All the noise noise noise; or, On Writing from Prompts

I was trying to write in response to a prompt the other day — a wonderful monoprint. But all I got was words.

You know what I mean. Yes, there were sounds and syntax and “meaning” or meaningish business but really it was all blah blah blah. I never got past the mask of vocabulary and earnest snuffling. I was too aware of being aware, too hard trying to try. Ugh.

So tiresome when my mind gets in the way of my brain, when words stand between me and what I might not be able to say in words but which is exactly what a good poem can do. Or the silence in a good poem, maybe. The white space.

I have an uneasy relationship with prompts. I can’t trust the whole set-up, because sometimes they work: I drop into some strange space of utterance and up bubbles things strange and fantastic; and sometimes they don’t, and I’m clutching my pen and strangling the empty page with grabby fingers of text.

It has something to do with breathing. No. It has something to do with attention. No. Is it in the set of my jaw? Should I squint my eyes? The whole enterprise seems impossible. Except when it’s glorious.

If the effort toward writing from a prompt seems too effort-full, the only thing to do is walk away. Go yank weeds or walk or lately I’ve been taking objects and slathering them with blue paint and dragging them across paper. A bottle cap. The red mesh that onions come in. A stick. Good fun.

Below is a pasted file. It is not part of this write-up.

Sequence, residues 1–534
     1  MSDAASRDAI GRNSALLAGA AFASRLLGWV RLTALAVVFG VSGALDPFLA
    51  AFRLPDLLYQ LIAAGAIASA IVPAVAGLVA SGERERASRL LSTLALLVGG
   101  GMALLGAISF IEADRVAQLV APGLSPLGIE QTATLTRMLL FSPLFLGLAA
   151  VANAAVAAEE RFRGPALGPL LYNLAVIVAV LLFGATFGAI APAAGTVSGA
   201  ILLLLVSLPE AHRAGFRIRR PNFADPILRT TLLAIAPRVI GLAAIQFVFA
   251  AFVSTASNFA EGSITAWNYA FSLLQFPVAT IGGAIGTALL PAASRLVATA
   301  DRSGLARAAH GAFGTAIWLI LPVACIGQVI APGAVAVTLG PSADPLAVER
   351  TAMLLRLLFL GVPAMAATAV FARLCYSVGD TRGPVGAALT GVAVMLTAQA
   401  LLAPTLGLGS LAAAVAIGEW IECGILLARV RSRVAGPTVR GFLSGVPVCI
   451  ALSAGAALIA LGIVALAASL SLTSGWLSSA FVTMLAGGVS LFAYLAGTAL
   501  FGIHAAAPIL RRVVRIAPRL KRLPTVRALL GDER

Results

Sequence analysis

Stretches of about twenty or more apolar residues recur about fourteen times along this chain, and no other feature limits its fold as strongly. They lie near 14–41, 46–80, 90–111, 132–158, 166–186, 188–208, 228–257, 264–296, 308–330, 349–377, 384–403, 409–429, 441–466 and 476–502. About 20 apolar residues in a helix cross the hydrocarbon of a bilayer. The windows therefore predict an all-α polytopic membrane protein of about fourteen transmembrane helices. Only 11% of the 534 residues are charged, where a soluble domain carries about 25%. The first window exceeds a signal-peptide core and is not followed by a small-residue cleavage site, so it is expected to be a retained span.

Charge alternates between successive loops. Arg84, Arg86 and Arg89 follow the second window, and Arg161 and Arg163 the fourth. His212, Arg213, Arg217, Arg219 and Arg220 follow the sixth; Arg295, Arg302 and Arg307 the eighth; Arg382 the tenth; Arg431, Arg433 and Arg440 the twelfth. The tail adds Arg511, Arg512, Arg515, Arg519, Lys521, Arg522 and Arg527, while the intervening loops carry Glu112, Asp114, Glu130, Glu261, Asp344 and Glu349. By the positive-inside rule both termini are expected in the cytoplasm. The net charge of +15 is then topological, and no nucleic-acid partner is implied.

Maybe THAT’s my response to the monoprint prompt. I don’t know. And I can’t trust this space of not knowing. Because sometimes it’s confounding. And sometimes it’s exactly where I need to be.

4 thoughts on “All the noise noise noise; or, On Writing from Prompts

  1. Thanks for the prompts perspective. When I started doing BInghamton Poetry Project sessions, I had to learn to write from prompts and quickly, which is counter to my natural process that involves lots of ruminating and sloshing things about in my head. I do sometimes get something viable writing from a prompt, but I find it much, much harder to revise something that I started out that way. I think it is harder for me to prune a poem or extend it when I haven’t been able to use my forethought to understand where I want it to go.

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    • Yes, I know what you mean. I think I did a blog about this not too long ago, about how to try to drop back in to the space from which the original writing issued. What the heck was I up to? But I think we’re more likely to get a good, interesting, layered poem when we allow the original utterance to come out of some not-knowing place than from a where-I-want-it-to-go place. As always, the trick is in the revision, i.e., re – vision, process, which we have to do, in this case, kind of blindly and with a well-let’s-try-this mindset. Mysterious. And fascinating.

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      • I definitely need to develop better revision skills! I would be lost without my poet-friends pointing out where I am missing the mark. I am better than I was a few years ago, but still have a long way to go. I’m grateful to you and all the generous poets who help me grow. And, yes, mystery…

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